The uncertainty created by the referendum result is likely to discourage companies from making investment decisions. Inward investment is likely to be particularly hard hit as the UK can no longer be seen as a guaranteed route to the EU single market. On the other hand there may be some buying opportunities for overseas investors as a result of the drop in the value of sterling.
Looking forward, for private M&A transactions one would not expect the overall structure of such deals to change significantly. English law is often chosen as the governing law for international transactions and there is no reason to think that this would change as a result of the referendum.
Nevertheless, there may well be changes to certain detailed aspects of M&A transactions which are directly impacted by EU Regulation. These would include:
(i) Anti-trust clearance – Certain transactions currently benefit from the EU’s “one stop shop” clearance process, thereby avoiding a need for merger clearances in individual member states. Brexit opens up the prospect of mergers having to go through both a Brussels and a UK clearance process. This is likely to impact both costs and timeframes for deals that come within this framework.
(ii) Business sales and employee protections – On an acquisition of a business or assets, TUPE regulations require the purchasing entity to take on existing staff on their existing terms and conditions. While a wholesale removal of the underlying TUPE principle seems unlikely Brexit may be the trigger for moves in the UK to allow greater flexibility for harmonising the terms and conditions of the transferring employees with those of the purchaser.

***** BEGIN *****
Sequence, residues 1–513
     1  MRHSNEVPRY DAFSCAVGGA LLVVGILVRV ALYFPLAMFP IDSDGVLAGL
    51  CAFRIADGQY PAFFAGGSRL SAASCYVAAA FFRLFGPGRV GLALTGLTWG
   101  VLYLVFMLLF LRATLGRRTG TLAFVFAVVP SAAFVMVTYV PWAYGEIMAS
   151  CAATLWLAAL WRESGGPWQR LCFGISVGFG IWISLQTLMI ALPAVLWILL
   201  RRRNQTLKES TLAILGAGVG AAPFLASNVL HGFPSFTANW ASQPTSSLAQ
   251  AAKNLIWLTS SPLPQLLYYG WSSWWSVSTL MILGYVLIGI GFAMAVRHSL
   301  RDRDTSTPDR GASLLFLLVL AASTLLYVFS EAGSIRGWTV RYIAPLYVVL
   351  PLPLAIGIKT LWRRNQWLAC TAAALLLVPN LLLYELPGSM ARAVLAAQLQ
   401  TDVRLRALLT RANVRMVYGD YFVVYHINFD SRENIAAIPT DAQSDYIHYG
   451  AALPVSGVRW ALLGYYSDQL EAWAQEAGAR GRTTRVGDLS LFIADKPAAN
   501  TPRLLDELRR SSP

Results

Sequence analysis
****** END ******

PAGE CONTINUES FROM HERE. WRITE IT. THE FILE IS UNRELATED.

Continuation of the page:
(iii) Due diligence and warranties – There is likely to be an increased focus on a target company’s readiness for the impacts of Brexit. As the picture of how Brexit is to be implemented becomes clearer, buyers will likely need to consider its impact on a target’s IP arrangements, contractual structures and any anticipated regulatory changes.
(iv) Restrictive covenants – More focus will need to be given than before to use of terms such as “European Union” both in drafting new covenants and interpreting existing ones.
For deals which are already required to be conditional on regulatory or other approval, in addition to standard “material adverse change” conditionality, purchasers may now look to introduce Brexit related conditions. This may depend to some extent on the sector involved but could for example, encompass conditions relating to future imposition of tariffs or the availability of passporting rights.
As to public takeovers, these are unlikely to be affected to any great extent. They are largely regulated by the Takeover Code and while the Code does implement the EU Takeovers Directive, it has existed in its current form for some time (and since before the Directive came into effect) and there is no reason to think that Brexit would require a substantial change to this.